Looking back over my pictures from Florence, I realise I failed to cover, among other things, the Medici Chapels. The Chapels are to the rear of the church of San Lorenzo, designed by Brunelesschi to a commission from the Medici over the period 1425-46. To the rear of the church are two chapels housing the tombs of some members of the Medici family. The larger, and later chapel, is deeply gloomy and depressing. Finished entirely in dark stone – pierre dure – it houses the sarcophagi of a number of C17 Medici dukes. The grandness of the memorials being in contrast to the declining power and influence of those being remembered. The smaller chapel, the so-called New Sacristy, is a work of the early C16, primarily by Michelangelo and containing two Medici tombs designed by him, for Lorenzo, Duke of Urbino (1492-1519) and Giuliano, Duke of Nemours (1479-1516). They were grandson and third son of Lorenzo the Magnificent, facts which were clearly no guarantee of a long life.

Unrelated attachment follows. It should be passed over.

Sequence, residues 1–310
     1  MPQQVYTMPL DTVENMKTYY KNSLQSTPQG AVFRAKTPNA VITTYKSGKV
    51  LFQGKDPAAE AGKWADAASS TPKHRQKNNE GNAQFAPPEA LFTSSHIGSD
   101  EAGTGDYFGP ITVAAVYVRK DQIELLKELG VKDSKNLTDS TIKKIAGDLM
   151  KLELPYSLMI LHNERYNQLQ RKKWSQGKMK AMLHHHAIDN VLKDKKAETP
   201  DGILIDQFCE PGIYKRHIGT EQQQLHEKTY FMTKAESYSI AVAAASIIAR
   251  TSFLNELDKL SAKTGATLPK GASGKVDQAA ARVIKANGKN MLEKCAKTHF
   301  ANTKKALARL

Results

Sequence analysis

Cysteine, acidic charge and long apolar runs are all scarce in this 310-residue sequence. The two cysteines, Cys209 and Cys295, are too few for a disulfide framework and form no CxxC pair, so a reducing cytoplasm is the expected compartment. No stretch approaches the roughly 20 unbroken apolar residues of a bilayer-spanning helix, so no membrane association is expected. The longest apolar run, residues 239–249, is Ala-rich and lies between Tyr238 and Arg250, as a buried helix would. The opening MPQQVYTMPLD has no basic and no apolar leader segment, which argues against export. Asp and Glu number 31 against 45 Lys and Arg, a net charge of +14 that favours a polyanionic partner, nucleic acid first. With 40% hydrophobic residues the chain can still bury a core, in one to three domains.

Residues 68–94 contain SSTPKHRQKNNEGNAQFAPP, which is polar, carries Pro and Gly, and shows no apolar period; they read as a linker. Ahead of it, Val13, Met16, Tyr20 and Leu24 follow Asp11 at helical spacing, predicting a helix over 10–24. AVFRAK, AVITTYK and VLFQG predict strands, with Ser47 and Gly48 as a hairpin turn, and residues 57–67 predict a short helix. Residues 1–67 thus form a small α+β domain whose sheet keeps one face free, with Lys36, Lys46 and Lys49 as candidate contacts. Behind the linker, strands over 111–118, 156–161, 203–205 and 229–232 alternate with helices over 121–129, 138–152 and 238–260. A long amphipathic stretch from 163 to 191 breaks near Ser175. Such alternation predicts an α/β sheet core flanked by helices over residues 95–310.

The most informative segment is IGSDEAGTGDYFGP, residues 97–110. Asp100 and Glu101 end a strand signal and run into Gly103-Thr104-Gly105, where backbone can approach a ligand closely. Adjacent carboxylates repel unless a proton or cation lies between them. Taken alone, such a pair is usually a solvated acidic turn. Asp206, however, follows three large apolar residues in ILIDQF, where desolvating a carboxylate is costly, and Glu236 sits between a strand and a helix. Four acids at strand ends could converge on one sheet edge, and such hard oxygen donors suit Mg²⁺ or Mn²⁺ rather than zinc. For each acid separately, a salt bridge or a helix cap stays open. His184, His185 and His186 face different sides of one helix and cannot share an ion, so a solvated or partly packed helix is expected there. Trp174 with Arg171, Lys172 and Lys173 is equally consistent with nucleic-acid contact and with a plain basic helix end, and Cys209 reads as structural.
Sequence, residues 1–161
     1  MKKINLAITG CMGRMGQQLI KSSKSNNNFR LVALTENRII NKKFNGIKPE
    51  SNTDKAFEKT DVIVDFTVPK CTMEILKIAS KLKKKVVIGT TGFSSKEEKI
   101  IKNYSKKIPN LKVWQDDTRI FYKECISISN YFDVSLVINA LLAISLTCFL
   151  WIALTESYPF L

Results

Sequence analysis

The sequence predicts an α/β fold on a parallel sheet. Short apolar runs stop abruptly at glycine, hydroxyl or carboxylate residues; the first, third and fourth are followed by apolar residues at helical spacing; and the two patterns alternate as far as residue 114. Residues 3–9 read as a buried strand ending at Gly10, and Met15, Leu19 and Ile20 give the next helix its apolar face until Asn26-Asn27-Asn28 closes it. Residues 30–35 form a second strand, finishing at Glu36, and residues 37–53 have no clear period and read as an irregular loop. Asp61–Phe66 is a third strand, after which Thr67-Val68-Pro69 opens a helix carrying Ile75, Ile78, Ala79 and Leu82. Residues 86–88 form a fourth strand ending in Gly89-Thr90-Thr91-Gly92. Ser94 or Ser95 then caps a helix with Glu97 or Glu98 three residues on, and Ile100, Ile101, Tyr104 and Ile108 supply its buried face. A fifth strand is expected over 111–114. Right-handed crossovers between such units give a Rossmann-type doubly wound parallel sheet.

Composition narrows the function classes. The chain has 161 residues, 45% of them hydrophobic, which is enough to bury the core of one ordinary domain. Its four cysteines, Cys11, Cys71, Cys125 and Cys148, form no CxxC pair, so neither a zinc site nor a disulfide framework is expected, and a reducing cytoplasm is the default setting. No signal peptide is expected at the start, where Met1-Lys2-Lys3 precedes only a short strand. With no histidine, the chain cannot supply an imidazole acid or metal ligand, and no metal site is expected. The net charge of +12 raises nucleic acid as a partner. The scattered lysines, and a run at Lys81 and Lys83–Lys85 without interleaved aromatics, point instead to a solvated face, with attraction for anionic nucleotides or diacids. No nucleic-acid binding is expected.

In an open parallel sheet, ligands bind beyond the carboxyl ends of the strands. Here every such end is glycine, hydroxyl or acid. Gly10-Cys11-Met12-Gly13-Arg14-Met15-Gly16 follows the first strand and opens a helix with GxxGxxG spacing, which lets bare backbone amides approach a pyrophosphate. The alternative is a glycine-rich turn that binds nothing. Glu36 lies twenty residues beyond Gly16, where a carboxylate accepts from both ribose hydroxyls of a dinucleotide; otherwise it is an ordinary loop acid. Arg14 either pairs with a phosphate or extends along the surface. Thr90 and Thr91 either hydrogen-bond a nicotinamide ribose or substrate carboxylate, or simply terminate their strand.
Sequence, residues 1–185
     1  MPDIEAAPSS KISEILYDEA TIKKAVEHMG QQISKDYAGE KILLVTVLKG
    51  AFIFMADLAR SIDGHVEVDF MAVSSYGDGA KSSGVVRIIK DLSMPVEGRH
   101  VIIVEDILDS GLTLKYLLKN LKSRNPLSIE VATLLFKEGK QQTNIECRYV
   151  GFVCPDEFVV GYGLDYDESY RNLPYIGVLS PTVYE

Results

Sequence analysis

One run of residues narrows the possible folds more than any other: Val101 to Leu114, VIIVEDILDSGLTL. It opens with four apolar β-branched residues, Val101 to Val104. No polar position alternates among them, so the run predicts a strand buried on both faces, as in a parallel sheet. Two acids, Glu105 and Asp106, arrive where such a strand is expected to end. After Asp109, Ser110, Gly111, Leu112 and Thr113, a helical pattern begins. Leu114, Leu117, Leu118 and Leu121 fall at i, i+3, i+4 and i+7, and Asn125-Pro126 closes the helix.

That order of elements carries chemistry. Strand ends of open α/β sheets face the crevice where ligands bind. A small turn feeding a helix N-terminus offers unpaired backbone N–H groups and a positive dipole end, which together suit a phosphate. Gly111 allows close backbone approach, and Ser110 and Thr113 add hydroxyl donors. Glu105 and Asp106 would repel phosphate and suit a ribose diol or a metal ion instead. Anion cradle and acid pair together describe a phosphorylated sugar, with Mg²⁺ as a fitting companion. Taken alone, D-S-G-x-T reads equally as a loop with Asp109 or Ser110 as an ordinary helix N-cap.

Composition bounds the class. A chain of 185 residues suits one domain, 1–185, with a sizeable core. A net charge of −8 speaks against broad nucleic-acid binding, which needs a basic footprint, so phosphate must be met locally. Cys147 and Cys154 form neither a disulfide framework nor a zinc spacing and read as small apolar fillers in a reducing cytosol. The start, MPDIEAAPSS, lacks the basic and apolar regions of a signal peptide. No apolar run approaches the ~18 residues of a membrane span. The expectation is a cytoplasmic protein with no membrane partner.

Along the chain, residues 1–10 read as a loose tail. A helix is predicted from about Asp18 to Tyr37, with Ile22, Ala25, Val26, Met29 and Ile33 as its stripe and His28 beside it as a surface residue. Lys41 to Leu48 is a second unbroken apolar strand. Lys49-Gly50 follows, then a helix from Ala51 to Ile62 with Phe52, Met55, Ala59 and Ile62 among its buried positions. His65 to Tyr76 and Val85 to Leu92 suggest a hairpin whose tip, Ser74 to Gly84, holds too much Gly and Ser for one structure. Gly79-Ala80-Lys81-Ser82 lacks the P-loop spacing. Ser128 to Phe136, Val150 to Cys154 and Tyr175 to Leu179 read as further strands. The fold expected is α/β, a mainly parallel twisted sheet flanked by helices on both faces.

On top of the two tombs are four human figures representing Night and Day on one, Dawn and Dusk on the other. These are extraordinary master works by Michelangelo demonstrating his mastery of anatomy and the human form as much as his mastery of sculpture. The figures, although exaggerated in their musculature in the Michelangelo way, seem to live and breath in front of you. The figure of night has been polished so that she seems to glow in moonlight. Whilst the male figure of Day, left deliberately with the head largely unworked, clearly draws from Greek and Roman torsos which were being re-discovered at that time, particularly the Belvedere torso, now held in the Vatican.
The Medici Chapels are not the most popular sights in Florence so it was not particularly crowded when we went. The opportunity to examine this sculptures at close quarters is remarkable, and worth the visit to Florence alone.